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The Gay Rights Movement Has Gone Mainstream -- But Is That a Good Thing?

New York's gay community just won the kind of equality that will make us just like everyone else. But do we want to be just like everyone else?

This story first appeared in Next Magazine.

As the sweltering month of June ushers in Pride, who knew that it would also beget one of the gayest summer blockbusters of the year— X-Men: First Class? The central dilemma facing the mutants as they discover and learn to accept their super powers is whether they hide their gifts to fit into human society, or revel in and celebrate what makes them different, knowing that if they do, they’ll never quite fit in? In other words, what is gained, and what is lost, by going mainstream?

It’s a question well worth asking in 2011, as many of the cultural and political goals of the mainstream gay rights movement have been won, or are close to being so. Put aside for a moment the depressing news about youth suicides, bullying and gay bashings—or the temporarily thwarted push for marriage equality in New York and the rest of the country. Instead, squint your eyes a little, and take a look around. It’s been a hell of a year for the gays.

While the president finally moved to repeal DADT, and he along with every celebrity and Mayor Bloomberg rushed to shoot their “It Gets Better” videos, Mother Monster, patron saint of the born-this-way gays, garnered more followers on Twitter than the President. At suburban multiplexes audiences fell hard for the two moms portrayed in Academy Award-nominated The Kids Are All Right, while on the small screen the gays snagged their own reality show, The A-List: New York; Modern Family’s gay dads were nominated for Emmys (Eric Stonestreet won); and Glee’s Chris Colfer won a Golden Globe for brilliantly bringing Kurt Hummel to life each week. Colfer was also named one of the 100 most influential people on the planet this year according to T ime Magazine.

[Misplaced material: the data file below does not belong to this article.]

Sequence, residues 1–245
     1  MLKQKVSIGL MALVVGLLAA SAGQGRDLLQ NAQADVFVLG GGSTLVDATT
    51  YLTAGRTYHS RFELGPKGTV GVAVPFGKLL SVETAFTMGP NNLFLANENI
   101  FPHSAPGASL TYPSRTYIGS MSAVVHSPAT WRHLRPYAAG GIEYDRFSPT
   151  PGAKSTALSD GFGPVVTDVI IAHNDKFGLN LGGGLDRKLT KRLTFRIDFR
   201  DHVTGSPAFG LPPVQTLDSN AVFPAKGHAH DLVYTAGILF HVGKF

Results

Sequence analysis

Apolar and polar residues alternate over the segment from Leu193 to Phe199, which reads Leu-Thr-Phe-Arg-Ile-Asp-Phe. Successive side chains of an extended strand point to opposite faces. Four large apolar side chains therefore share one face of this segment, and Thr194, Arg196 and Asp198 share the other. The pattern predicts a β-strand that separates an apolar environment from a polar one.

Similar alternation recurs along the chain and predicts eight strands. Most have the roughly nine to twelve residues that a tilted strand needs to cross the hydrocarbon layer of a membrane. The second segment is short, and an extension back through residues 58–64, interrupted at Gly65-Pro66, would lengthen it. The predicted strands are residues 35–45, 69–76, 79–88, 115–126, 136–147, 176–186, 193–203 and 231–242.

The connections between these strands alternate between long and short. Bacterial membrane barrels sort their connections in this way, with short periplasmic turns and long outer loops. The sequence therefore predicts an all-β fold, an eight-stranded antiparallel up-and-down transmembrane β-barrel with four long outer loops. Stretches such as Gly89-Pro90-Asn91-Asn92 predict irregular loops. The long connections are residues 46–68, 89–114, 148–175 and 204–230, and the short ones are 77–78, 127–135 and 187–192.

All of which is to say, in 2011, the gays have arrived—and are now firmly entrenched in American mainstream culture. A cause for celebration, right? Not everybody thinks so. This year as we celebrate Pride, there’s a notable queer backlash a-brewin’ on the margins. It’s not quite the gay Tea Party movement, but more voices seem to be proclaiming: we’re here, we’re queer, and there are a lot more interesting things about gay life than Lady Gaga’s new album or going to the chapel.

“In my standup routine lately I’ve been pleading with the rich gays not to start getting married and hav[ing] children,” says performer and writer Mike Albo,. “It’s a real problem. How are they going to afford those big houses on Fire Island that we get to crash at if they have to pay that private-school tuition? How mainstream do we get before we all become Republicans?”

Albo’s joke is hardly academic. The New York Times recently reported that in New York State the majority of deep-pocketed funders lobbying for a gay marriage bill this year are wealthy, conservative members of the Republican Party. With polling now showing a majority of New Yorkers supporting gay marriage, the issue is now when, not whether, it happens. Great, right?

Depends on where you’re sitting. Kenyon Farrow, a writer, activist and former director of Queers for Economic Justice, is quick to point out the implications this could have on national politics if mainstream gay issues like marriage equality come to be seen not as radical rewriting of the status quo, but as mainstream, even bedrock, conservative issues. “I think the GOP sees which way the wind is blowing, and where the poll numbers are going, and they’ve decided to turn marriage into a conservative issue. New York State will be the testing ground for a national strategy,” Farrow tells me.

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